Why is Eric Holder facing a contempt vote today by the House of Representatives?
As U.S. Attorney General, Holder is the nation’s chief law enforcement officer and oversees several agencies, including the Bureau of Alcohol, Tobacco, and Firearms, which ran Operation Fast and Furious. Shortly after the Terry shooting, House Committee on Government Oversight and Reform began investigating operation, requesting Holder answer questions before the committee and provide documents pertaining to the program. Holder has testified before Congress on this issue, and the Justice department has provided more than 7,000 pages of documents. However, Oversight committee chairman Darrell Issa (R - Cal.) has requested that Holder turn over all documents related to Fast and Furious—a request Holder has denied, even after being subpoenaed. Last Wednesday, the committee responded by agreeing to move forward with a vote of the full House on whether to hold the Attorney General in contempt of Congress.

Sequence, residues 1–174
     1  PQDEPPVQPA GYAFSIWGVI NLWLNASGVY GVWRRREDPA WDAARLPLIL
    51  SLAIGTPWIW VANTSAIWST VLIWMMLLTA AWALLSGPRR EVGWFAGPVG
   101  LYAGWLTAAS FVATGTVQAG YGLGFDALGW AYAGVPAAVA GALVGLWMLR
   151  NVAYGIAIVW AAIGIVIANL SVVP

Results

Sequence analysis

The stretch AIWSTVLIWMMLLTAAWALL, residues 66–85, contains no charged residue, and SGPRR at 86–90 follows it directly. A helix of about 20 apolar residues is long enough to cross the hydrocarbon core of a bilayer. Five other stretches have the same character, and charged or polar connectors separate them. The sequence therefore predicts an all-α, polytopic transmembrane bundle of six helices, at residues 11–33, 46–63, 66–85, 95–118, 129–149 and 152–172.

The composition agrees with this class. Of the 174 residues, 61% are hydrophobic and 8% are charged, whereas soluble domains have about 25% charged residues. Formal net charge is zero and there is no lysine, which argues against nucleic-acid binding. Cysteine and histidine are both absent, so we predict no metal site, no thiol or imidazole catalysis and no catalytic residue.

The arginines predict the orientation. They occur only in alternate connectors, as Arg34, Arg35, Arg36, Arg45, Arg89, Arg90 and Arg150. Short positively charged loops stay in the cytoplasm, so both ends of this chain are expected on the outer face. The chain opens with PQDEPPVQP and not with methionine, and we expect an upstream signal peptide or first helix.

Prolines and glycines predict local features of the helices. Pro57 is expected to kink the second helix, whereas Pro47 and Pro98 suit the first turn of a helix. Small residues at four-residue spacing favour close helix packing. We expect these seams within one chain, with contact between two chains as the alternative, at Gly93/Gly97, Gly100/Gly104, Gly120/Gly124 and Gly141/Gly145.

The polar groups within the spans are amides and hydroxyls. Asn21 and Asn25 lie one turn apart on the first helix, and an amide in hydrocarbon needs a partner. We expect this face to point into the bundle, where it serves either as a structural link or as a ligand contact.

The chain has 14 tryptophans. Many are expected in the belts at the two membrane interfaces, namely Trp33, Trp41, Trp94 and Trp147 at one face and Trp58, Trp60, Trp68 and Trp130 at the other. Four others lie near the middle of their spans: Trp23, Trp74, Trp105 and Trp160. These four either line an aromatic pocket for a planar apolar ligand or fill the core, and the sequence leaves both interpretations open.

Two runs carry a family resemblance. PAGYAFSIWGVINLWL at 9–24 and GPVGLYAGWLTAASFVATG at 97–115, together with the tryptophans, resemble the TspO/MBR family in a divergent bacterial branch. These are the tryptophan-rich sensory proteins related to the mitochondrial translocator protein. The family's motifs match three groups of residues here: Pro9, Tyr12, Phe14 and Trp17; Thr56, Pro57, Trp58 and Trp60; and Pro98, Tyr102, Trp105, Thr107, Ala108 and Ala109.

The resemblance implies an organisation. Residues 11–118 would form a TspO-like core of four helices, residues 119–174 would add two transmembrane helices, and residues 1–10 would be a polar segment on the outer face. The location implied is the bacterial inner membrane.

What does it mean to be held in contempt of Congress?
To be held in contempt of Congress means that Congress believes a person has obstructed its work, typically by refusing to comply with a subpoena it has issued. In this case, Holder and the Obama administration are citing “executive privilege,” or more specifically, “deliberative process privilege” as justification for withholding certain documents. The idea behind the concept is to ensure the free exchange of ideas during the policymaking process without the participants having to worry about their remarks being made public later on. Critics of privilege, however, cite the need for transparency in government decision-making.
What happens if Congress votes to hold Holder in contempt?
Being held in contempt of Congress is a misdemeanor that can carry with a fine. Beyond this, however, contempt citations have had little real impact. For one thing, the official in charge of investigating contempt charges in this case would be the local U.S. Attorney, who is of course a Justice Department employee. Historically, the department has not brought criminal contempt charges against those in its own administration. Beyond this, the House could opt to file a civil lawsuit against Holder in federal court in order to get him to turn over the documents in question.